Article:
When you choose the components for a new desktop PC, it’s pretty much a numbers game. The more you pay, the more CPU cores, gigahertz of CPU speed, and gigabytes of memory and hard drive space you get. You don't have to worry about very much else. Dell Inspiron Zino HD Looks are more important when your PC is in your living …
"Having a dual-core processor makes ..."
"Having a dual-core processor makes a big difference to the performance available to you"
You use those words as the caption to a Windows performance graph which shows four CPUs. It also shows the current CPU utilisation as zero %, average CPU utilisation at well under 20% with a very very brief spike at around 60% on two CPUs, and the fourth CPU might as well not exist. Do you think this is representative of typical SFF/entertainment PC usage?
I've largely lost interest in GHz wars, but I'd have thought one single faster core would in general be a better buy than multiple slower cores with the same price and/or same total power dissipation, because most applications are still basically single threaded and therefore gain little benefit from the extra cores but may well benefit from extra GHz. Your graph shows this - the fourth CPU barely wakes up at all.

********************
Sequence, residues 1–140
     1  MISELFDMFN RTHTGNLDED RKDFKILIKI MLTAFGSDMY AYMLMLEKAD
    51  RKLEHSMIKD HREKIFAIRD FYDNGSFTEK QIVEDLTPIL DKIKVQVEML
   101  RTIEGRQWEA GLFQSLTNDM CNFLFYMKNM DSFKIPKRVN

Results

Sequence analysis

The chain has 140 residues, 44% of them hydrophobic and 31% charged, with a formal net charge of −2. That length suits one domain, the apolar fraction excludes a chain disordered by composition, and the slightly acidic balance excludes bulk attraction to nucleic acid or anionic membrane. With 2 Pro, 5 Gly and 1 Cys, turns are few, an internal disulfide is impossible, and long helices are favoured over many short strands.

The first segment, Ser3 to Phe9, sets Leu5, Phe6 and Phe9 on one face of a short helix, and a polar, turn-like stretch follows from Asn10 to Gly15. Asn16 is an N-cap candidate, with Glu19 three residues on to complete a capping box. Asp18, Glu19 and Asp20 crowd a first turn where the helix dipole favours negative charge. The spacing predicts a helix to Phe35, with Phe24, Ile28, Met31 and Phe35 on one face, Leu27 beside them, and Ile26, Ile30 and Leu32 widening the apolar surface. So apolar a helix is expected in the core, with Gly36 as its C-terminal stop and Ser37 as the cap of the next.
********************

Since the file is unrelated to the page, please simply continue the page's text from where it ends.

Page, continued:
In a small form factor entertainment PC where fans are an undesirable complication, this consideration applies even more so than in standard desktop PCs.
Still, if you want to blithely repeat the industry's multi-core hype, feel free.
Objection your honour
"VGA is best avoided if you can".
Not quite so. A very large fraction of the TVs out there have a very limited tolerance on what they will accept on their HDMI port. So if you are using the PC's HDMI output or DVI-to-HDMI adapter you have a very high likelihood of running into overscan/underscan issues where the PC picture cannot be fitted onto the screen correctly. This is especially the case for 1366x768 (HD ready) systems. I have yet to see one that accepts DVI-to-HDMI (or PC HDMI) 720p and works properly.
As far as using VGA for full HD the problem is usually not the VGA itself, but the cables and in the case of Radeon on-board connectors and cables "to bracket". Very few cables on the market are OK with the frequencies required by full HD which results in a significant amount of ghosting. If you get a cable that is OK in that range you are OK with VGA.
Overall - it remains a trial and error game and VGA remains the "old faithful" fallback which (subject to having good cabling) can save the day when HDMI/DVI does not work properly.
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